What is IoT Security

March 18, 2021

What Is IoT Security

IoT security is a subsect of cybersecurity that focuses on protecting, monitoring and remediating threats related to the Internet of Things (IoT) — or the network of connected devices that gather, store and share data via the internet.

Often overlooked or minimized within the cybersecurity strategy, IoT security has become a more pressing concern for organizations given the recent shift to remote work due to COVID-19. With people now relying on both their home network and personal devices to conduct business activities, many digital adversaries are taking advantage of lax security measures at the endpoint level to carry out attacks. Insufficient IoT protocols, policies and procedures can pose a grave risk for organizations since any device can serve as a gateway to the wider network.

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What is IoT?

Put simply, an IoT device is any “thing” that can be connected to the internet. This includes traditional endpoints, such as computers, laptops, mobile phones, tablets and servers, as well as non-traditional items, such as printers, cameras, appliances, smart watches, health trackers, navigation systems, smart locks or smart thermostats. IoT is the collective term for the network of connected devices that are equipped with sensors, software or other technologies that allow them to gather and transmit data through the internet.

Over the past decade, IoT technology has experienced phenomenal growth. IoT Analytics, an insights firm specializing in IoT research, reported that IoT connections, such as smart home devices, connected cars and network industrial equipment exceeded traditional connected devices such as computers and laptops, for the first time in 2020, representing 54% of the 21.7 billion active connected devices. The firm estimates that by 2025, there will be more than 30 billion IoT connections, which equates to about four IoT devices per person on average.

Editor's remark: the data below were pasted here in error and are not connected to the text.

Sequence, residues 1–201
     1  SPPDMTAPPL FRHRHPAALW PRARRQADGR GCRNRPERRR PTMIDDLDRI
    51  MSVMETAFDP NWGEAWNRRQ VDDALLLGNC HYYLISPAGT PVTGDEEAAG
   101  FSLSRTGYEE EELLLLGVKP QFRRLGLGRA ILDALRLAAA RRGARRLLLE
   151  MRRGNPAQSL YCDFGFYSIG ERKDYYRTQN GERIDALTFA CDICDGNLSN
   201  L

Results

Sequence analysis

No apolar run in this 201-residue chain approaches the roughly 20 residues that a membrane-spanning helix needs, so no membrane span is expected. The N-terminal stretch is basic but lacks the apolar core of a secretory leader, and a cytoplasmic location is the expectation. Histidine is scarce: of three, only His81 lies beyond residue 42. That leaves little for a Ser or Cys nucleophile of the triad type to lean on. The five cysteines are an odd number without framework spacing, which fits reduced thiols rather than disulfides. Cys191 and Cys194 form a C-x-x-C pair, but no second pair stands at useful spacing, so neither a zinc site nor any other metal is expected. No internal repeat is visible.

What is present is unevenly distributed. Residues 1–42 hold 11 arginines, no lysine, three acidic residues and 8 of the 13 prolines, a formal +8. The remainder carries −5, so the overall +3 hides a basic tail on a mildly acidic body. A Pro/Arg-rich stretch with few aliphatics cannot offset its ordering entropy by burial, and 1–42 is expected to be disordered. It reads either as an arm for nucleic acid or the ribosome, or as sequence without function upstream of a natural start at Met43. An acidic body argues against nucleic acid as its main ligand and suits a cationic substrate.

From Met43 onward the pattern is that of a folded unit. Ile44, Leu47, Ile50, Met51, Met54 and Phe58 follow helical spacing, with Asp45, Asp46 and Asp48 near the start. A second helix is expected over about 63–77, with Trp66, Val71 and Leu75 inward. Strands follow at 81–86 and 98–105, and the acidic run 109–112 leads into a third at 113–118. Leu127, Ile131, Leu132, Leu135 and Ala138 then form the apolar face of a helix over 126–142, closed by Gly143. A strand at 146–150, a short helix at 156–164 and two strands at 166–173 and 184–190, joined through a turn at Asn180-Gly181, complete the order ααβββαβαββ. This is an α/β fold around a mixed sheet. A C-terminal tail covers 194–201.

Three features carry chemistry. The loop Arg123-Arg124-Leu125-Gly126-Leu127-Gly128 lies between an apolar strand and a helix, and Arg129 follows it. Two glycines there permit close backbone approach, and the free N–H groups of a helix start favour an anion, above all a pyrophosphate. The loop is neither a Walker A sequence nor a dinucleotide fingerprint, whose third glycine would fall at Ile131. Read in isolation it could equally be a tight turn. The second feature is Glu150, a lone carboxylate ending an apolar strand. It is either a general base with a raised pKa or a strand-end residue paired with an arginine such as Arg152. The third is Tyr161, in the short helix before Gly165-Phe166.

Examples of IoT Devices

At the enterprise level, IoT devices also include industrial machinery, automation tools, the smart grid or any other device that gathers and transmits data through the internet.

IoT Security Issues

IoT security is extremely important because any smart device can serve as an entry point for cybercriminals to access the network. Once adversaries gain access through a device, they can then move laterally throughout the organization, accessing high-value assets or conducting malicious activity, such as stealing data, IP or sensitive information. In some attacks, such as a Denial of Service (DoS) attack, cybercriminals will assume control of the device and use it to overwhelm servers with web traffic, preventing legitimate users from conducting normal activity.

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Traditionally, organizations and consumers protected their devices through a range of security measures, such as antivirus software and firewalls. However, these measures may not be suitable for protecting IoT devices, since many cannot support the processing and storage requirements of such tools. As such, it is necessary for organizations to develop a comprehensive cybersecurity strategy that protects against a wide range of cyberattacks across all devices at both the endpoint and network level.

IoT Security Risks

Unfortunately, many IoT devices are not designed with security in mind. In many cases, these devices lack the processing power and storage capabilities to support the installation of additional security on the device itself, which means that companies and users cannot protect the endpoint beyond the existing security features. Instead, organizations must rely on network security capabilities to prevent attacks, as well as detect and remediate threats as they arise.

Even those devices that support the installation of additional security measures may not be compatible with the company’s existing cybersecurity tool set. Disparate operating systems and a variety of hardware almost guarantee that the organization will not be able to protect all connected devices using the same tools, policies and procedures.